That brings me to the title of this post, Hands On.  Of all the things that have brought me joy in the past six months since my wedding, the one that has benefited me the most, personally AND professionally, is my very first hobby: DIY.

DIY

I know what you’re thinking. Really?  You found your first hobby at age 27?  Sad, but true.  I’ve always been so focused on tasks, goal-setting, and my career, that I’ve actually never embarked on a hobby that was purely for my own enjoyment.  When the wedding dust settled and reality came crashing down around me, I knew it was time to get creative.

Embarking on my first DIY project helped me keep my hands (and mind!) busy while also creating a final, tangible product.  It’s enabled me to stretch my comfort zone by utilizing new tools and developing new skills.  In the past six months, I’ve changed door hardware, wallpapered a bookshelf, and arranged frame walls.  I’ve also become familiar with a screwdriver, learned painting techniques, and repurposed a windowframe from an old house into a piece of art.  That’s just scraping the surface.

Windowframe

What does this have to do with my personal or professional development?  Finding inspiration from others, creating visions for projects, and seeing them through from start to finish is relevant to any profession – whether it’s an event layout, social media strategy, or training program.  In addition, I’ve found that I am more skilled in balancing multiple projects, more confident in my creative abilities, and just generally happier when engaging in hands-on work in my spare time.

I can’t say enough about how much joy I have discovered through this hobby, especially in the spirit of “do” it yourself (there’s my pesky one word resolution again).  Even the simplest project has helped change my perspective.  I’m looking forward to sharing more of what I create on this blog, but I am already sharing through Twitter and Instagram, so you can see it for yourself in real time!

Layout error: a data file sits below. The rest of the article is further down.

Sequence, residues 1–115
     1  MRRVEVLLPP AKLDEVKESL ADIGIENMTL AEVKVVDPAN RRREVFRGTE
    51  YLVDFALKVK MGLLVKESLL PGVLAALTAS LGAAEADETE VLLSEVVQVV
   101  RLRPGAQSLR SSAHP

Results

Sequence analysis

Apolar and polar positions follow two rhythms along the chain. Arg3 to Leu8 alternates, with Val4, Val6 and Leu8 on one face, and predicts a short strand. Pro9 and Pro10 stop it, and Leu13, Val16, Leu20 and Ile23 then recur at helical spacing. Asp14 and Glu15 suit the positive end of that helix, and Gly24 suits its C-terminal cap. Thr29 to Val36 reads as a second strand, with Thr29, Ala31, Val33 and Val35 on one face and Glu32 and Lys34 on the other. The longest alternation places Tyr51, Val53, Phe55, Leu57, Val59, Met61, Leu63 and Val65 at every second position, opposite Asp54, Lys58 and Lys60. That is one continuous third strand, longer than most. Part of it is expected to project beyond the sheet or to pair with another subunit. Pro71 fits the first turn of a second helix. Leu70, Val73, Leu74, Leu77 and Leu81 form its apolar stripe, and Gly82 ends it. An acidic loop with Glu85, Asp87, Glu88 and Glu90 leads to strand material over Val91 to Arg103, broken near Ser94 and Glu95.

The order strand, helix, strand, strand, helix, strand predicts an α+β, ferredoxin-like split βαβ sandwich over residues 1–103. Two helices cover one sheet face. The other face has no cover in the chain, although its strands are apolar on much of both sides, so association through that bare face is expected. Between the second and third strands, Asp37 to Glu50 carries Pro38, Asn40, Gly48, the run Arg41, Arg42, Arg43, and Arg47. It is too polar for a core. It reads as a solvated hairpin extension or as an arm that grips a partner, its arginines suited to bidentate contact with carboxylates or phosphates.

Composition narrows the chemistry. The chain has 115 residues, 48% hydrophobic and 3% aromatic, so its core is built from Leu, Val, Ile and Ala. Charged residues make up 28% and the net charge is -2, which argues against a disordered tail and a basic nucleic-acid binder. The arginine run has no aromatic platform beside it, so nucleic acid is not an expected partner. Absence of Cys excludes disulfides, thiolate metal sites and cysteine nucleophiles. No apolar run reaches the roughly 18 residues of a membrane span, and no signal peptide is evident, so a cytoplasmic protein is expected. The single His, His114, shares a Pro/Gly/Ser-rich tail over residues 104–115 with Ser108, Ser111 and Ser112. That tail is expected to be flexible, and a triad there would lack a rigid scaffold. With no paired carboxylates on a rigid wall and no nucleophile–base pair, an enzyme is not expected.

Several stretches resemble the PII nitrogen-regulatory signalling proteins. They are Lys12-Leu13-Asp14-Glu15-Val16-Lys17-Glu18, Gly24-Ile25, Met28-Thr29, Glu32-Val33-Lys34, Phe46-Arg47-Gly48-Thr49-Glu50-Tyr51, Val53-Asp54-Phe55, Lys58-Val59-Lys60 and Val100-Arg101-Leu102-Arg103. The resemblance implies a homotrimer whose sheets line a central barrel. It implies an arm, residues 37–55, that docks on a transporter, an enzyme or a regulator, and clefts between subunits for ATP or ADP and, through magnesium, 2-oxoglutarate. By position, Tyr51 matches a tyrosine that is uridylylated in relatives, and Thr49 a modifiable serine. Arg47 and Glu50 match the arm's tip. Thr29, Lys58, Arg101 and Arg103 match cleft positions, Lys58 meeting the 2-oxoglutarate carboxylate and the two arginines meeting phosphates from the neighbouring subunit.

One Word 2014: Do

It’s New Year’s Day. Today is a time for many to reflect, move with intention, and look forward to the future.  Last year, I made a #oneword resolution for the first time and tried to live it out as best I could.  With a wedding/honeymoon, pressures at work and home, and other factors, I did not follow through on the reflecting half of that resolution.  While I could make excuses for the past, I will instead state my #oneword for the future: do.

I am an often introspective and reflective person.  Though I’m not necessarily blogging about my thoughts, I am constantly dwelling on future projects, worries, and stressors in my life.  I spend a lot of time thinking about myself in comparison to others.  I think that if only I could do something different, I would be happier, more successful, or calmer.  Many of us have these thoughts, and it’s okay to have them once in a while.  However, I found myself in a constant state of comparison this year, spending too much time on social networks watching everyone else’s lives play out from my couch (in my Rutgers snuggie, drinking Arnold Palmers, with HGTV in the background).

No longer will I “want” or “hope” for something to get better.  While I am a cautious optimist, and always have been, it’s time for me to take matters into my own hands with my #oneword resolution: do.  It’s time to get off Pinterest and actually frame that piece of art.  It’s time to stop looking at other’s blogs and create one of my own.  It’s time to DO.  Act.  Move.  This is my call to action for myself.  I am passionate about creating things: stories, DIY projects, training programs, change.  

The-Thing-You-Cannot-Do

I actually started on my #oneword a little early this year by submitting to present a Pecha Kucha talk at ACPA, a national conference for student affairs professionals.  I admire so many of the speakers (hello out there!) and have often thought to myself, “why can’t I be more like them?”.  The only thing holding me back from being great is me.  Whether or not I am selected, I am proud to say that I have started moving on my professional and personal goals, and I hope you will join me in this journey on this blog and on Twitter @kristaknj.

Krista